Common Threads of Shared Humanity: Living the Gospel

I do think if we’re going to move forward, to unite the country, I think a generosity of spirit is the answer, and with people who you don’t agree with on particular issues. I think a generosity of spirit also includes humility about yourself.John C. Danforth

You’re invited to develop new perspectives and learn new ways to live a life of faith through our Adult Formation classes. Each class has been designed to help us explore humility and generosity of spirit through our common threads and shared humanity towards living the gospel. Each Sunday morning will challenge us to think about what we might agree and disagree with and to think about our own faith perspectives in relation to other points of view.

Deepen your own spirit of generosity as you attend our adult formation programs, calling us all to live out the Gospel in each of our lives. It is the common threads of our shared humanity that humbles us and moves us forward toward a generosity of spirit. All classes on Sunday mornings at 9:45 AM in Haverkamp Room.

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Life on the Gaza Border

Amir Tibon & Miri Bernovsky
January 5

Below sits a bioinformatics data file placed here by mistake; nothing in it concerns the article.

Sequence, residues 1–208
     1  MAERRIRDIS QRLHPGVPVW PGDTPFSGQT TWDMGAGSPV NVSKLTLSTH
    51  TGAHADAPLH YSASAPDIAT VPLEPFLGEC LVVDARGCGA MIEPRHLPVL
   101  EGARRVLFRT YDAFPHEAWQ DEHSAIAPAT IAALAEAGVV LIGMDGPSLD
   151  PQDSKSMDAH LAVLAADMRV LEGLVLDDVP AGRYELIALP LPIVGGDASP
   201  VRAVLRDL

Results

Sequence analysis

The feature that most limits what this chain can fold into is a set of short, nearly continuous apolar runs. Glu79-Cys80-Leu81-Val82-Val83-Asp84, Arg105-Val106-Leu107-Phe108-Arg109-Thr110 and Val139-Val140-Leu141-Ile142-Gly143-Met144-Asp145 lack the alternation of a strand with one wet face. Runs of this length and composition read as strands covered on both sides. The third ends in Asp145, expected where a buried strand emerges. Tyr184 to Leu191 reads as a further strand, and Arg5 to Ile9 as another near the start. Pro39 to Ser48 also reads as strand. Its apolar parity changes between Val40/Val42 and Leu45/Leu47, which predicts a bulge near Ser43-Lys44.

What is it like to live your life inside an active war zone? How do people raise families under the constant threat of rockets? And is there any hope for a better future for the millions of people living in Gaza, one of the most troubled areas in the world?  Miri and Amir Tibon, our guest speakers from Israel, will return to Westminster for a very personal presentation and discussion about the place they call home: Kibbutz Nahal Oz, the closest place in Israel to the Gaza Strip. They will talk about daily life in the shadow of an ongoing conflict, about the human price paid by people on both sides of the border, and about ways to overcome the current situation.  Come to hear about their life in one of the most beautiful, but also most tense, areas of Israel.

 Miri, an “Israel emissary,” is working at the nearby Agudas Achim synagogue and is in charge of all Israel-related programs and education at the synagogue, working on behalf of the Jewish Agency.  A clinical social worker before moving to the United States, she worked with foster families in southern Israel, mainly from the Arab-Israeli community. Miri has a B.A. in Social Work, Hebrew University of Jerusalem, and an M.A., Tel Aviv Univ. 

Amir, a Washington correspondent for Haaretz, a leading Israeli newspaper, is in charge of covering the U.S.-Israel relationship and the American Jewish community. His writing on Israel and the Middle East has appeared in leading U.S. publications including The Atlantic, Foreign Affairs, The New Yorker and others. He is the co-author of “The Last Palestinian,” a biography of Palestinian President Mahmoud Abbas, published in 2017.

Miri and Amir have been living in Alexandria since 2017, and will be returning to Israel at the end of this year. 

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The Israeli Secular View of the Bible

Miri Bernovsky
January 12